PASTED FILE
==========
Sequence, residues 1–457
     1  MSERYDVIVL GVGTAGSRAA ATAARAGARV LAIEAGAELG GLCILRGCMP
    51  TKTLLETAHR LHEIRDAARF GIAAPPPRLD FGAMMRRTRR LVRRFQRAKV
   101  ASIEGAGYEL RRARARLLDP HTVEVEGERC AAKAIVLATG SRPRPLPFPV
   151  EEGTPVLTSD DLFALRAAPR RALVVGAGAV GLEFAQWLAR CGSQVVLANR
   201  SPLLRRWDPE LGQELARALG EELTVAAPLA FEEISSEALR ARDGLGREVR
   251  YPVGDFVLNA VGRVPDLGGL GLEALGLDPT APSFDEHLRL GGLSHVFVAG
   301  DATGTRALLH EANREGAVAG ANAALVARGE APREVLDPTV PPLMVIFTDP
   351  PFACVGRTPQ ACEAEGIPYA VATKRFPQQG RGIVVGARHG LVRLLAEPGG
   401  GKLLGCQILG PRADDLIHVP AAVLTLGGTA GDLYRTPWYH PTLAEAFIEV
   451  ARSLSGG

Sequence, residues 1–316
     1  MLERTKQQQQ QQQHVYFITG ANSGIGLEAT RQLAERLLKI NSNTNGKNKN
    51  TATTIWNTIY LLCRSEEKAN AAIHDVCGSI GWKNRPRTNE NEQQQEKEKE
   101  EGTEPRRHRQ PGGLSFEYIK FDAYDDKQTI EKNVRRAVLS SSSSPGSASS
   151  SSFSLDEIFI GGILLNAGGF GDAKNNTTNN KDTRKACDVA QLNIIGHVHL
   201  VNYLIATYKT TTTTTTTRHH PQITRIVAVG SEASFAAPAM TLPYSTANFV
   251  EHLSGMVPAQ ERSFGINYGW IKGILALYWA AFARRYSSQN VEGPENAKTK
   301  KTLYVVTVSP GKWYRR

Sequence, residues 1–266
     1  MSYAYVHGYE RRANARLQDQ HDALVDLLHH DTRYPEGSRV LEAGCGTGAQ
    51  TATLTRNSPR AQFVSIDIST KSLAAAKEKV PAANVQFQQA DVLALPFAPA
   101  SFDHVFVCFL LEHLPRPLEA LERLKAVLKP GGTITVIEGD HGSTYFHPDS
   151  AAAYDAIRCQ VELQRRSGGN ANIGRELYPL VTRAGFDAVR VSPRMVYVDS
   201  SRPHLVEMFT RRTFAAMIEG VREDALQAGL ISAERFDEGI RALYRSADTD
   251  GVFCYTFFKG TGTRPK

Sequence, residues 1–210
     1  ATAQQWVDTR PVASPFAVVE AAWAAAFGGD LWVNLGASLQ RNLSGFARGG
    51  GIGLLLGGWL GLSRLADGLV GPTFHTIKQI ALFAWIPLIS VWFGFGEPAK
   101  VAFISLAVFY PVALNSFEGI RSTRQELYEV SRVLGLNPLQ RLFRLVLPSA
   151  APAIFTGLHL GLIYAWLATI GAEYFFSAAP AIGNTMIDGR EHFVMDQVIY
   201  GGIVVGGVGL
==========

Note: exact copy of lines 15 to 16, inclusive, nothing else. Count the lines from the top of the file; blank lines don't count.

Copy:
   101  EGTEPRRHRQ PGGLSFEYIK FDAYDDKQTI EKNVRRAVLS SSSSPGSASS
   151  SSFSLDEIFI GGILLNAGGF GDAKNNTTNN KDTRKACDVA QLNIIGHVHL